Upon arriving in Oregon in 1836, the Whitmans were warned by the Hudson Bay fur traders: preach to other tribes if you wish, but don’t try to settle among the prickly Cayuse. “They kill their failed medicine men.” The Whitmans ignored this advice.

At first all went amazingly well. The Cayuse welcomed the Whitmans and became friends, playing with their little daughter Alice Clarissa. Marcus planted this orchard of apples trees near the house.

Whitman constructed a pond, with a grist mill at the outlet. He cultivated a prospering farm. And he treated the Indians of their maladies – including the new infectious diseases introduced by the arrival of Europeans, which were decimating the surrounding tribes.

Narcissa’s diary was published, encouraging other American families to head out on the Oregon Trail. And when they arrived, the Whitmans welcomed them at their mission, providing them with supplies and guidance.

Paradise began to sour. Their 2-year-old little daughter, Alice Clarissa, wandered to the small river near their home, which once ran right here, and drowned. Narcissa became withdrawn, not wanting to interact with the Indians or welcome them into her home.

The Cayuse began to resent the Whitmans. They had built a prosperous farm on their land, without paying any rent. They seemed more interested in welcoming white settlers than ministering to their Indian neighbors.

Worst of all, when Dr. Whitman gave medicine to white settlers, they tended (because of natural immunities) to get better, while his Indian patients died in droves. The Cayuse began to suspect the couple of poisoning them.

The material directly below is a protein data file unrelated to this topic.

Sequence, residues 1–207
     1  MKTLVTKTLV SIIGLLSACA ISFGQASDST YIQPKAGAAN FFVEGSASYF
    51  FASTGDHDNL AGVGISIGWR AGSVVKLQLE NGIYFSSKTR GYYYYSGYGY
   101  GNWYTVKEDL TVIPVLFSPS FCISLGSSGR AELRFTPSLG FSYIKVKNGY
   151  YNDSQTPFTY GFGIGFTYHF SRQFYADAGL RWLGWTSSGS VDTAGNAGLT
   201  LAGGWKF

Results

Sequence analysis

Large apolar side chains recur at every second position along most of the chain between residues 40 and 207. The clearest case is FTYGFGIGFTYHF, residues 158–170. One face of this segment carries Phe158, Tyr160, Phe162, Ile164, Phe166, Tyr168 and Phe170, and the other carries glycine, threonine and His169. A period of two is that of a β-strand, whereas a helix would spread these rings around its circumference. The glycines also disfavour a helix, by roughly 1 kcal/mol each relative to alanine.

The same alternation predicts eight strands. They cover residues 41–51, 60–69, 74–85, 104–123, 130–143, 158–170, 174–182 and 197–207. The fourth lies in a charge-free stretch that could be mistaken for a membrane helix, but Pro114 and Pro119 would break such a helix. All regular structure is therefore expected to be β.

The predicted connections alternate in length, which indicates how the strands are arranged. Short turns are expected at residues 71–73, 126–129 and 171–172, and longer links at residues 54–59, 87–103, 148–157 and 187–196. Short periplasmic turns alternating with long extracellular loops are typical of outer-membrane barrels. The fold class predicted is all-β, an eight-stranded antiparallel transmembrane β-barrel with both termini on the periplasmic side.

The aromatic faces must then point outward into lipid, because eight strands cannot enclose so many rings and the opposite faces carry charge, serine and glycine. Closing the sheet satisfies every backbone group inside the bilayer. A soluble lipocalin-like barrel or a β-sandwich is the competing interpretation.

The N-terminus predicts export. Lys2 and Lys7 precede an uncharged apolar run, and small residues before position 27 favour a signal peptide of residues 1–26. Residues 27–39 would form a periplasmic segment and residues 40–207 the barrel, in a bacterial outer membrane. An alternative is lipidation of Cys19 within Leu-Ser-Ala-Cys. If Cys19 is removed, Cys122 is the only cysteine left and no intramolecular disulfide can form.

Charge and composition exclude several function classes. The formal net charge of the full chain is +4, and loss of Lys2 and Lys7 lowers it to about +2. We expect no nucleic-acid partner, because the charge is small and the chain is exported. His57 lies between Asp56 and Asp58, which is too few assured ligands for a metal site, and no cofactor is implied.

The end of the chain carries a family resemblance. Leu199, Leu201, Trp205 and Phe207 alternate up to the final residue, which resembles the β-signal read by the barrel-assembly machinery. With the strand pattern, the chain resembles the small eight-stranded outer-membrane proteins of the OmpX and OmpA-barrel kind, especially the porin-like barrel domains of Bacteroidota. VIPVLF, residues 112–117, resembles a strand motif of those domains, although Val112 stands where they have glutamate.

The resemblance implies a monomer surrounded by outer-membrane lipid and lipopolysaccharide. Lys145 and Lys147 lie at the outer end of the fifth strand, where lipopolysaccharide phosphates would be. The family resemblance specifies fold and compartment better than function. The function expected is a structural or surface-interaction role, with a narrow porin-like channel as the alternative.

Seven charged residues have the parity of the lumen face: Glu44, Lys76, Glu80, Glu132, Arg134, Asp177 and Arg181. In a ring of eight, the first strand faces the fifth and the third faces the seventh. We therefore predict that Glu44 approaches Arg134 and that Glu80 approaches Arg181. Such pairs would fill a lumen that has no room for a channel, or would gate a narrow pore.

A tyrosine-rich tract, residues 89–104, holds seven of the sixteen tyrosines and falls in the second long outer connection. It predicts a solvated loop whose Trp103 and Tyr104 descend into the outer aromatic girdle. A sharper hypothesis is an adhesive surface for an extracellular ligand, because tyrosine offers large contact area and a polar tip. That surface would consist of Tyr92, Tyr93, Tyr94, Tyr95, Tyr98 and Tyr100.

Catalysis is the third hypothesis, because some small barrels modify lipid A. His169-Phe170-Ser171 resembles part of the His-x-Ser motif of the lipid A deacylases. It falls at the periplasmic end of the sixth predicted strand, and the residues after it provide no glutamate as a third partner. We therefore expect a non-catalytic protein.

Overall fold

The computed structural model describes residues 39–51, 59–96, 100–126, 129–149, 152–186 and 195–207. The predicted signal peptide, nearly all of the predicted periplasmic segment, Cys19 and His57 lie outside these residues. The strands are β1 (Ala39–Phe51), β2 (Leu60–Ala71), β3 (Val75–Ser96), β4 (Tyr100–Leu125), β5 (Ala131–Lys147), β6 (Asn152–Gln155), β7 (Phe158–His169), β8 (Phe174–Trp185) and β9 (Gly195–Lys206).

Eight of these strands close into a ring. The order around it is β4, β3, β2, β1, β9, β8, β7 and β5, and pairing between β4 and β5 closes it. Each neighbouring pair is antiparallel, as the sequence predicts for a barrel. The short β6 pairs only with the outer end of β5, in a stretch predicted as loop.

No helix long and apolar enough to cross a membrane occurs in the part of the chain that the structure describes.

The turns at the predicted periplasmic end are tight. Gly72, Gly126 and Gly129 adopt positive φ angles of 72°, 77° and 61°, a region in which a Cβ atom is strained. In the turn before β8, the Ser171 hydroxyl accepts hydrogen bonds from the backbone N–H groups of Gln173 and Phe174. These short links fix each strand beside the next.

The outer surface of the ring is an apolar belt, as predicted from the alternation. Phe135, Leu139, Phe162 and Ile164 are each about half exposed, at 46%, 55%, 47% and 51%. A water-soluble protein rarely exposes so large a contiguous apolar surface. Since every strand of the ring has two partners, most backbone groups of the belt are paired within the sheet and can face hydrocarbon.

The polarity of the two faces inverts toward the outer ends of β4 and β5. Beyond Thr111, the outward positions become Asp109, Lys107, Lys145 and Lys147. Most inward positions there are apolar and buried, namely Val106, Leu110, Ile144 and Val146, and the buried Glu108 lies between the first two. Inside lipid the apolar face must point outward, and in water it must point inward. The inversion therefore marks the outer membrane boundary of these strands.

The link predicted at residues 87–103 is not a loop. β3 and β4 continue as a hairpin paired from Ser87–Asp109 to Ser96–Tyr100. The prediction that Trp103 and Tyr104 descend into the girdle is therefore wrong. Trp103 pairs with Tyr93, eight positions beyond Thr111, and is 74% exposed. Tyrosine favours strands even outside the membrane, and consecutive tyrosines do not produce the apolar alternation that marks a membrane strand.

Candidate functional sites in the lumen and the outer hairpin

“The Cayuse kill their failed medicine men.” And in November 1847, that is precisely what they did. A group of them entered the mission, killed Marcus, Narcissa, and several other men, and took several dozen women and children being treated at the mission hostage.

Eleven were killed, and several more died in capacity, mainly due to the smallpox that brought them to the mission for treatment in the first place. The bodies were buried in this mass grave on the mission grounds.

The Hudson Bay Company paid a ransom and the hostages were released. But American settlers jn Oregon were outraged. The Cayuse were hunted down, and five members of the tribe surrendered, accepting responsibility for the attack. They were tried and hanged in Oregon City.

These events had a major lasting impact. Settlers’ request for federal soldiers to subjugate the Cayuse prompted President Polk to finally negotiate a “solution” with Britain over the disputed Pacific Northwest, and to establish a territorial government for Oregon in 1848.

Whitman College in nearby Walla Walla, Washington, named after Marcus and Narcissa Whitman.

Last Chance Road. Near the Whitman Mission outside Walla Walla, Washington.

The journey continues here, in Part 11: Busted Wheels.

One response to “Traveling the Oregon Trail, Part 10”

  1. […] The journey continues here in Part 10: To the Whitman Mission. […]